CAUGHT ON VIDEO: Vandals destroy art exhibit in Madison | News

A woman and two children were the scene of museum security footage painted over Ji’s exhibit

MADISON (WKOW) — The number one rule in museums, “Don’t touch the art,” was broken when an art exhibit in Madison was vandalized.

Artist Lilada Ji said she was both traumatized and upset when she learned it was her work.

“What the hell just happened here?” she said. “I was confused and angry and then sad.”

She said the director of the Madison Museum of Contemporary Art (MMOCA) called her to break the bad news.

“Hi Lilada, this is Christina from MMOCA, there was an accident at the museum” and I mean well,” Ji said.

But Gee said the message continued: “There was a parent here with her two children and there was a misunderstanding and they decided they could interact with your exhibit.”

Artist in shock after vandalism

Gee said the woman and children poured glitter and paint over all his work

Which means that the woman and the children painted her entire installation.

Gee told 27 News the most shocking part was what followed when the caller said, “She wants to know if they can take home the canvases they painted.”

“I was like why are you asking me that? I said that’s so disrespectful,” Gee said.

In a statement, a museum spokesperson wrote:

At approximately 17:15 on June 24, a woman and her two children entered the gallery, a museum employee watched over two adjacent spaces until the museum closed at 18:00. There was a 16-minute window during which the gallery housing Lilada’s work and the interactive education center were not visited, which is unacceptable. The museum is taking immediate steps to adjust its staffing so that gallery spaces are not left unattended in the future.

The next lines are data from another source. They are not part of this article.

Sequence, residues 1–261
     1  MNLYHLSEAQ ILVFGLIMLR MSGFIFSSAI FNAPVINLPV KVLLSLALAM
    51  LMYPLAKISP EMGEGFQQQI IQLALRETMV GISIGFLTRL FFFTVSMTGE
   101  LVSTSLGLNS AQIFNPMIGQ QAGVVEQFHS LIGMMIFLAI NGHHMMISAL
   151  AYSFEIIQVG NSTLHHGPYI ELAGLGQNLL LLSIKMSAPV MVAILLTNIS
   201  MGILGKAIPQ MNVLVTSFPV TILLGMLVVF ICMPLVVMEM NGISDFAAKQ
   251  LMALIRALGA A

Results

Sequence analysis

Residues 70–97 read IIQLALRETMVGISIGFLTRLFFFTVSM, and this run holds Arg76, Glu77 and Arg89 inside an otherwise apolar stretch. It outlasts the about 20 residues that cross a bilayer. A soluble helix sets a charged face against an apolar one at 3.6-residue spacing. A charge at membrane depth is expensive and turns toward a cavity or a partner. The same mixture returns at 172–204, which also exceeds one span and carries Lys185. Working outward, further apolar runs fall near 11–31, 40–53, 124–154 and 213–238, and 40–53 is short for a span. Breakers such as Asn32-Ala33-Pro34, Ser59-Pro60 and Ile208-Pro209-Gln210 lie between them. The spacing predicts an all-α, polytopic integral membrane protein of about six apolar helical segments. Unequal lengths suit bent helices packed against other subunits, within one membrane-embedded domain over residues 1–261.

The attendant, followed by the front desk supervisor, tried to stop the woman and her children. The museum used de-escalation and communication in an attempt to diffuse a very volatile situation. The principal was notified of the situation after the woman and children left the building. The director immediately came to the reception.

The director and another MMoCA staff member chased the woman and her children down the street to retrieve Lilada’s work and prevent theft. The director eventually convinced the woman to return to the museum with the artwork. Immediately afterward, and while the woman was still involved in highly contentious interactions with museum staff, the director agreed to call Lilada Ji. Her only intention during that call was to defuse the volatile situation by answering and rejecting the woman’s repeated requests to take the artwork home. MMoCA would like the opportunity to discuss the Lilada Ji incident in detail.”

Christina Brungaard, director of MMOCA, added: “Most importantly, the museum would like to speak further with Lilada Ji about how to support her, repair the damage to her works and any feedback she may have.”

However, Ji said she is not ready to talk to them and is still upset about the way she handled the incident. She told 27 News she couldn’t believe the art wasn’t protected at the museum.

The hardest part for Ji, though, was that she was ever excited to participate. As a black woman, she said she can’t wait to be a part of an exhibit focused on a topic so important to her.

“We wanted to get black women out there because we’re historically underrepresented in those spaces,” she said.

Gee said she wonders if black artists are welcome and safe in Madison’s museums.

“I want to ask the people of the greater Madison community, what do they take from this?” she asked.

Ji said she’s not sure where to go from here, but has no plans to return to MMOCA. She also said that she was unable to find out who the vandals were.

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